Think weeding has to happen if you grow corn? There are some simple steps you can take to plant corn weed free and easily in a low maintenance bed that seriously won’t need hardly any weeding all season long – really. It’s time to get rid of that hoe!
I’ve heard from so many people about the back-breaking weeding they’ve either had to do growing up, or in their own gardens that I’ve made it my goal on AOC to show that you can grow vegetables without a lot of weeding (you can see more on easy care gardening here, including my key no-till gardening method).
In our ranch-turned-cottage I grew corn, beans, and potatoes in large-ish permanent beds that measured about 10′ x 20′ with just 4-inch sides. They were basically large raised beds or small garden plots, however you want to look at them. Even though they were too big to not be walked on (one of the goals with raised beds so you don’t compact the soil), I created them with the purpose of growing larger crops that take up more room, like corn, beans, and squashes but with permanent edges to be able to use no-till and weed-free methods.
To me, it was like the best of both worlds and they really did end up working that way. Everything I grew in these four beds produced a ton and flourished. And I didn’t have to deal with hoeing, tilling, or hardly any weeds.
You can see these beds in many of the gardening articles you’ll find on the site (like why to grow cucumbers on a trellis, organic vegetable gardening 101, and why I love Emerite pole beans to name just a few), but I felt there was a need for an dedicated tutorial specifically on how to plant corn to be weed-free all season because that seems to be the crop I hear about the most in regards to weeds.
There aren’t many things worse for a gardener than trying to find sprouting corn in a sea of weeds – and then trying to free the poor things from them, right?
Do you think I’m stretching the truth when I say that you CAN plant corn weed free from the beginning all the way to harvest? Well I’ve got the pictures to prove it! I planned this article over a full season – taking pictures of all the steps from prepping and planting all the way to growing and harvesting, so I could share it with you.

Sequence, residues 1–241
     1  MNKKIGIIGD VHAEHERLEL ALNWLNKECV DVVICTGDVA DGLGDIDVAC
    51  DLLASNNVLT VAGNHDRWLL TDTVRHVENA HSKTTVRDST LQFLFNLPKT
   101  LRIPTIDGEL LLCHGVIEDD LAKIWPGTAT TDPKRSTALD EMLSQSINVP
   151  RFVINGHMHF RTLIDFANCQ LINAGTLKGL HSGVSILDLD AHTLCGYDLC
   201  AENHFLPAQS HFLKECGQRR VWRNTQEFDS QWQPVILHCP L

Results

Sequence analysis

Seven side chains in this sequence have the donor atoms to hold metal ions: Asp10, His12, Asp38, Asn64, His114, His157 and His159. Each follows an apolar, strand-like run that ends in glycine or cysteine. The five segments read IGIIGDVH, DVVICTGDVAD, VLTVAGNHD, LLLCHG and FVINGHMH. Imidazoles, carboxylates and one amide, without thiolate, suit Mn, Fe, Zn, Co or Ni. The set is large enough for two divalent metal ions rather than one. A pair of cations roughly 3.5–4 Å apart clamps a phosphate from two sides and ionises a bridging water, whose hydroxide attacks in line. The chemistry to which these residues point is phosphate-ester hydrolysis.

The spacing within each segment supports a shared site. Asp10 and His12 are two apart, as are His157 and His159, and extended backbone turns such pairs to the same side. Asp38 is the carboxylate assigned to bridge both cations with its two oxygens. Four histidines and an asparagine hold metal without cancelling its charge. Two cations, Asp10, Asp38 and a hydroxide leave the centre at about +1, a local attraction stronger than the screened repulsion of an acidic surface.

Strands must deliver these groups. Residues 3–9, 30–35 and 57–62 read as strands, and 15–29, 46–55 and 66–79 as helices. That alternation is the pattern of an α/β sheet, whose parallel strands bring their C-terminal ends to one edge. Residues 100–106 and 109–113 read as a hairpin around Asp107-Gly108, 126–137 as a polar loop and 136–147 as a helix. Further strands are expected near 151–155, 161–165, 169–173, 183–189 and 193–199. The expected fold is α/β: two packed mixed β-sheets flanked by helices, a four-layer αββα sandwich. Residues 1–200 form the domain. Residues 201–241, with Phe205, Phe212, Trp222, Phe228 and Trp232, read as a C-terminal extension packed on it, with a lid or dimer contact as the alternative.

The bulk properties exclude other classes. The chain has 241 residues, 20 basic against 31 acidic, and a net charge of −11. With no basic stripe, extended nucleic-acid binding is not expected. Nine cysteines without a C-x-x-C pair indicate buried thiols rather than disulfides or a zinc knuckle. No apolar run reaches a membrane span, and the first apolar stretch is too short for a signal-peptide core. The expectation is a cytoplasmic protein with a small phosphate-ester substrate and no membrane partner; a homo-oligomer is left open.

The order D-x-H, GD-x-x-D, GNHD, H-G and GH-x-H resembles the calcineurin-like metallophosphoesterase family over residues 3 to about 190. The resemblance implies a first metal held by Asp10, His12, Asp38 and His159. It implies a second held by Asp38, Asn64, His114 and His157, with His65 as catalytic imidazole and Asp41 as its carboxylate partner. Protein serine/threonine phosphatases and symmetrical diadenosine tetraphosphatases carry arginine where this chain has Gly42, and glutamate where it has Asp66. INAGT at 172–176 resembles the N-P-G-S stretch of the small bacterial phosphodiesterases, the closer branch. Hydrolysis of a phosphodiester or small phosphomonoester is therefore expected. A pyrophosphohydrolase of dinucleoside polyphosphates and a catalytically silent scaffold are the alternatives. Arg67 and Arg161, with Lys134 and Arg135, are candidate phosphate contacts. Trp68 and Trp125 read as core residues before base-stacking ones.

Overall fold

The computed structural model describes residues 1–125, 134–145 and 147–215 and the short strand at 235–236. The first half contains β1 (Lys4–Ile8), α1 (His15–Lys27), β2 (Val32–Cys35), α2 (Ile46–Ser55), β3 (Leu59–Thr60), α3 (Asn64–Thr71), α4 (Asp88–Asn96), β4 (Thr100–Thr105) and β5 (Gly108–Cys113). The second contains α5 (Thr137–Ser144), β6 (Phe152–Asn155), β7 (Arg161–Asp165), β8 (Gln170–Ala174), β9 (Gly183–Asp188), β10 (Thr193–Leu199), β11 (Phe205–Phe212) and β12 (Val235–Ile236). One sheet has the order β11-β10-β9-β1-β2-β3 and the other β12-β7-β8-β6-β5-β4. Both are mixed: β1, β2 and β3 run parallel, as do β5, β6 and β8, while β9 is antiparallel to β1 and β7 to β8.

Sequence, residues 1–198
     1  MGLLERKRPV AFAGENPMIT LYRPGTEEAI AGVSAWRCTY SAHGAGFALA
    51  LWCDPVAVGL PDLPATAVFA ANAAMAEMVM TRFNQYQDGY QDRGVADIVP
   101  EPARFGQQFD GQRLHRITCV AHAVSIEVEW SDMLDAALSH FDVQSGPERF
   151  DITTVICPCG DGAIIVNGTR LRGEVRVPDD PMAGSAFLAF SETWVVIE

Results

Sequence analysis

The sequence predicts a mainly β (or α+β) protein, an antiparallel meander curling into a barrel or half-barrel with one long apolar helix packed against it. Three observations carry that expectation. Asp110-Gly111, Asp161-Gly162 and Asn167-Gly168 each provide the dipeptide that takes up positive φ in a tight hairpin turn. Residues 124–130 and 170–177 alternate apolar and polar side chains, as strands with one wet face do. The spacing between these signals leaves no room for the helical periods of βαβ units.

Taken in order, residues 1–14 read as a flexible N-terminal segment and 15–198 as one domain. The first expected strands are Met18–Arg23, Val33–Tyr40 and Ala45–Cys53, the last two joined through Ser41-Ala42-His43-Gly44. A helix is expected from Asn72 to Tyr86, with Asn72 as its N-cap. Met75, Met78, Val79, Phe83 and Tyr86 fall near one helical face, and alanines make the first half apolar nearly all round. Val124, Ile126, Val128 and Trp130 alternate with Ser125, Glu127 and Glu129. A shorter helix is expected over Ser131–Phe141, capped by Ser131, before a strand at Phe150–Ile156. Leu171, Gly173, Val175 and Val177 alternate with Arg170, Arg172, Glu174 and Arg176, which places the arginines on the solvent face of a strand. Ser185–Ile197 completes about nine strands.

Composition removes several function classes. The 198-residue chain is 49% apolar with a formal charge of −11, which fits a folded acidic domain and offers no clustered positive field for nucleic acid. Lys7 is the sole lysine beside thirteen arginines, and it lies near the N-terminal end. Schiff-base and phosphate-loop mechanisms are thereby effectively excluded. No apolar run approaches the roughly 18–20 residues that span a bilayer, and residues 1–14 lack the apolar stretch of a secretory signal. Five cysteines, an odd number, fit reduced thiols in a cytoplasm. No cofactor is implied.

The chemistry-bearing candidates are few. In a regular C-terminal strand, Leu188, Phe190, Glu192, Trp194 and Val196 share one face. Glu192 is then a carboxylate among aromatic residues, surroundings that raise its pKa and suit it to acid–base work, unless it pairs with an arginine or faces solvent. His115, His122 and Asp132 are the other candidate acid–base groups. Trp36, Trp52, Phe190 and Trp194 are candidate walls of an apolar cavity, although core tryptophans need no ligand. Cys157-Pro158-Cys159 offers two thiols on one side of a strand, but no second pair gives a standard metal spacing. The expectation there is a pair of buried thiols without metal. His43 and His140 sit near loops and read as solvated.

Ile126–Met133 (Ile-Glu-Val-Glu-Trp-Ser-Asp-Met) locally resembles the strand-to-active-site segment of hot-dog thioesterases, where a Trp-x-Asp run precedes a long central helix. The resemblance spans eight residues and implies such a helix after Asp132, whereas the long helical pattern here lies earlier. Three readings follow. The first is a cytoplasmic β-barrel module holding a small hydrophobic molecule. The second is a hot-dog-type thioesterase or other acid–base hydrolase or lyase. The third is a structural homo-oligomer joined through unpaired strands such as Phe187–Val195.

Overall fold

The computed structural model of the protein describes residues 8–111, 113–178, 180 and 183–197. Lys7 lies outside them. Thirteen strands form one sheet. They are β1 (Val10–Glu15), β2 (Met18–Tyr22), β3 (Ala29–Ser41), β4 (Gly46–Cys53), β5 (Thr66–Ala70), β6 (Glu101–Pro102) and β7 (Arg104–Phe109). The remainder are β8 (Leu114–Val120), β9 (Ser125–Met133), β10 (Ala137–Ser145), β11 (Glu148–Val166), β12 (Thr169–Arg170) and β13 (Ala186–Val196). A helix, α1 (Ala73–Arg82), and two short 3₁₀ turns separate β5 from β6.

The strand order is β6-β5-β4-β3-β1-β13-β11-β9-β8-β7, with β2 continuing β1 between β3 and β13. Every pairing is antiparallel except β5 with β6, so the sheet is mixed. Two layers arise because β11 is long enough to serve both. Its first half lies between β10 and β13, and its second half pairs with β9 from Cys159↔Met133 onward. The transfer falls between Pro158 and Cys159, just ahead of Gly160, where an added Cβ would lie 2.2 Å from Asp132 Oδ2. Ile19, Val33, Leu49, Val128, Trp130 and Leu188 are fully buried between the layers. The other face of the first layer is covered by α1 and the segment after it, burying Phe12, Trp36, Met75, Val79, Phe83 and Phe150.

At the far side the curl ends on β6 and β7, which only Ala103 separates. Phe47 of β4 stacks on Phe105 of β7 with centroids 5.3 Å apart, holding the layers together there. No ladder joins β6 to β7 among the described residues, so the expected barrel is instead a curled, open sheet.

Here are the simple, non-back-breaking steps I take every year to plant corn weed free all season long. It’s my hope that this will revolutionize your garden as much as it has mine! Update: I’ve added an FAQ at the end answering questions I’ve gotten about this including how to start from scratch.
How To Plant Corn Weed Free
Prepping the Beds
While I am promising little to no weeds in the growing season, the weeds do come back each winter in these beds so that by March, the beds look like the photo above.
Do not be discouraged! You can take care of this easily without hoeing, tilling or hand-pulling (oh, and this prep method isn’t just for corn, this is how you proceed for any no-till beds, too).
The first step to prepping your beds is:
- Cover the future corn bed with black plastic at least two months before corn planting time for your area, securing it with rocks. Don’t think about it again – just let the sun and plastic do it’s work of killing weeds and breaking down leftover debris from the previous year. TIP: This video shows more about how we came to appreciate black plastic as an organic way to kill weeds.
- When you lift the plastic months later, you will find a pile of dead vegetation that you simply rake up and add to your compost pile.